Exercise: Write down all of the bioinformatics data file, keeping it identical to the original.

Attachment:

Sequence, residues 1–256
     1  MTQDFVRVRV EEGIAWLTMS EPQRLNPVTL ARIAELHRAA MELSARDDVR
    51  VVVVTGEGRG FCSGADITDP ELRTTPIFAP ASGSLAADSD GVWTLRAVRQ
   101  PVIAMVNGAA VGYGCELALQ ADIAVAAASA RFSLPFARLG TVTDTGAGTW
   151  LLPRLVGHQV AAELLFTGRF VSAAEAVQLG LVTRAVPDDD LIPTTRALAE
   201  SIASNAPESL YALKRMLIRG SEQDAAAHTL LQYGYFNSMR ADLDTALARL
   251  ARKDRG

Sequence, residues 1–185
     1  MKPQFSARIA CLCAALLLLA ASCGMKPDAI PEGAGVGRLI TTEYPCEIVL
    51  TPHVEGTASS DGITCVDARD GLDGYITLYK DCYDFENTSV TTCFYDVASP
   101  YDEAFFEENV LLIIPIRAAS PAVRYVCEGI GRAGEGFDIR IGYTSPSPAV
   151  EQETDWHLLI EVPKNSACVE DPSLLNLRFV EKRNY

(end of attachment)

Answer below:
Sequence, residues 1–256
     1  MTQDFVRVRV EEGIAWLTMS EPQRLNPVTL ARIAELHRAA MELSARDDVR
    51  VVVVTGEGRG FCSGADITDP ELRTTPIFAP ASGSLAADSD GVWTLRAVRQ
   101  PVIAMVNGAA VGYGCELALQ ADIAVAAASA RFSLPFARLG TVTDTGAGTW
   151  LLPRLVGHQV AAELLFTGRF VSAAEAVQLG LVTRAVPDDD LIPTTRALAE
   201  SIASNAPESL YALKRMLIRG SEQDAAAHTL LQYGYFNSMR ADLDTALARL
   251  ARKDRG

Sequence, residues 1–185
     1  MKPQFSARIA CLCAALLLLA ASCGMKPDAI PEGAGVGRLI TTEYPCEIVL
    51  TPHVEGTASS DGITCVDARD GLDGYITLYK DCYDFENTSV TTCFYDVASP
   101  YDEAFFEENV LLIIPIRAAS PAVRYVCEGI GRAGEGFDIR IGYTSPSPAV
   151  EQETDWHLLI EVPKNSACVE DPSLLNLRFV EKRNY